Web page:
The military’s efforts included positioning tanks on flat-bed trailers around the capital, meeting Trump’s desire for tanks while minimizing damage to district roads from the heavy armor.
… The District of Columbia estimates it spent about $1.7 million not including police expenses for related demonstrations.
The Associated Press also notes that President Trump’s inauguration, despite being the most expensive in history, did not reimburse Washington DC for $7.3m in expenses.
Here is more from Elizabeth Warren’s new plan to fix the American immigration system, which she released on Medium earlier today.
We need expanded legal immigration that will grow our economy, reunite families, and meet our labor market demands. We need real reform that provides cost-effective security at our borders, addresses the root causes of migration, and provides a path to status and citizenship so that our neighbors don’t have to live in fear. That’s why today I’m announcing my plan for immigration reform — to create a rules-based system that is fair, humane, and that reflects our values.
She goes on to lay out detailed policies on establishing new immigration courts, reducing immigration detection, and reforming Immigration and Customs Enforcement (ICE).
Under Warren’s plan, ICE would become an agency devoted to, “screening cargo, identifying counterfeit goods, and preventing smuggling and trafficking.”
ABC News just reported President Trump “is backing down” from his fight over the citizenship question on the US Census. This appears to conflict with earlier reports that he would try to issue an executive order supporting a citizenship question. From ABC News:
The expected announcement will bring to a close weeks of escalating confusion within the government over his demands that the controversial question be included despite a Supreme Court order that had blocked the move. The White House declined to comment about what exactly the president plans to announce.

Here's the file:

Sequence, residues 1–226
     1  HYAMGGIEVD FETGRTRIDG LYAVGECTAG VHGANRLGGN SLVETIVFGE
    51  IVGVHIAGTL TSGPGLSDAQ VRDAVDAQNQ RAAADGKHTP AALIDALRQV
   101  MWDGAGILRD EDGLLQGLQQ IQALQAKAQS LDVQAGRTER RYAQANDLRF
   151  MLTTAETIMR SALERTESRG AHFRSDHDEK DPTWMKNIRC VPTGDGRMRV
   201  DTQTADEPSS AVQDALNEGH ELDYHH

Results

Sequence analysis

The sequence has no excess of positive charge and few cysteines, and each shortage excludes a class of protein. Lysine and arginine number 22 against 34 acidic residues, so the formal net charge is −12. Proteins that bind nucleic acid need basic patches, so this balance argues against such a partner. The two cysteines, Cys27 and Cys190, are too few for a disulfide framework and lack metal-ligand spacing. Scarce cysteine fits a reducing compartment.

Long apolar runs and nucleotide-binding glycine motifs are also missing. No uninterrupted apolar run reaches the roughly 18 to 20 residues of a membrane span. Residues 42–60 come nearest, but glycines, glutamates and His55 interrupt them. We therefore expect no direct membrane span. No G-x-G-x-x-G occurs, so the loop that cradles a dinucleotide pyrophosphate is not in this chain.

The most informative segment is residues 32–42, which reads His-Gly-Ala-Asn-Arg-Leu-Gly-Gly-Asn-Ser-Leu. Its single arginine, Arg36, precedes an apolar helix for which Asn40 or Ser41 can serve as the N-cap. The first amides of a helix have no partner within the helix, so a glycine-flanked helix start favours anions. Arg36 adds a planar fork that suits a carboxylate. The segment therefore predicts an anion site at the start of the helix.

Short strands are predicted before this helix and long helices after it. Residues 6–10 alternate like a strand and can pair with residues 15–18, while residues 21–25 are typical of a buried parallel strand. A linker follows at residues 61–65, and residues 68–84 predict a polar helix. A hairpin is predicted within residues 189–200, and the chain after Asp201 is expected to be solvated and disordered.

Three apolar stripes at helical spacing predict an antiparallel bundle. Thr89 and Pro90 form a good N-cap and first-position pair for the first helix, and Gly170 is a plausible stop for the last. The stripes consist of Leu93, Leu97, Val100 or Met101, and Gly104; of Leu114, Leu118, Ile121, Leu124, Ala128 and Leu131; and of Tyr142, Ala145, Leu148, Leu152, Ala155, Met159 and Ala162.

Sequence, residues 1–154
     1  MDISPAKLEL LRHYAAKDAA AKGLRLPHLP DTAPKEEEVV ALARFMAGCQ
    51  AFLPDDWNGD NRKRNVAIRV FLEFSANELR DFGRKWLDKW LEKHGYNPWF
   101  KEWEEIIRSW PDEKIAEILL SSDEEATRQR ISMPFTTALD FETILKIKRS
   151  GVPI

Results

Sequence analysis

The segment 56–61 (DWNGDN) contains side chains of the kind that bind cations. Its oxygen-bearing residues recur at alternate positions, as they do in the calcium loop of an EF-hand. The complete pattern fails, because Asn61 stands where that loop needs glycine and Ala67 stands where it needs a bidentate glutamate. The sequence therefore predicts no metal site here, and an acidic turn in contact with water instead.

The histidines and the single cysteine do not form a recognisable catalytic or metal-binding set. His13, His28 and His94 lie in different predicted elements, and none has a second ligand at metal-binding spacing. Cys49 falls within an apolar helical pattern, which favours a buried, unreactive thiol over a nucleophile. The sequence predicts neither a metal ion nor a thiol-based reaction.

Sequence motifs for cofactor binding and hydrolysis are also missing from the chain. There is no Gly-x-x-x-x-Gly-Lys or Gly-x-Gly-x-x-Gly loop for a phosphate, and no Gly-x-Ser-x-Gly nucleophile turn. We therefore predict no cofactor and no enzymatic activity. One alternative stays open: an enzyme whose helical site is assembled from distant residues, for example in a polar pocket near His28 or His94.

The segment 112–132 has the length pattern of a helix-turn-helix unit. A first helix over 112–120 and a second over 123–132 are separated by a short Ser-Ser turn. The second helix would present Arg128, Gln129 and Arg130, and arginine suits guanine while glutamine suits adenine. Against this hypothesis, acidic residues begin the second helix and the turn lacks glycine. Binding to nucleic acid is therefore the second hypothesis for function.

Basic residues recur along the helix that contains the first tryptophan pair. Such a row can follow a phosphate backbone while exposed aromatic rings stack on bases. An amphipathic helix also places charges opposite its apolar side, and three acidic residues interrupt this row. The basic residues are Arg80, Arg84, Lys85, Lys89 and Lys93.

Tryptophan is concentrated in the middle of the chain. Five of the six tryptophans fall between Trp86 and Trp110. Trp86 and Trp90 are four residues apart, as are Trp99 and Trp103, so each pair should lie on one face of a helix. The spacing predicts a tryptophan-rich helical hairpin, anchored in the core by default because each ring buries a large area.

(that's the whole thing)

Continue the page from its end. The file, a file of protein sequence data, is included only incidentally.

Including a citizenship question on the US Census is a vital political issue, because the decennial count of Americans determines the number of Congressional representatives allotted to each state.
For close watchers of the White House, this build up is nothing new. Just today we had a new account of how Trump likes to use confusion and social media to build “suspense” of upcoming announcements, a lot like reality television.
Alberta reports that Trump berated [former House Speaker Paul] Ryan over a 2018 spending bill because it didn’t include funding for his border wall but then said he would sign it if Ryan were to give him time to build suspense on Twitter. Ryan agreed and then publicly sang the president’s praises after the meeting.”
Trump has previewed his speech already today on Twitter. He said he would make an announcement in the White House Rose Garden at 5pm ET.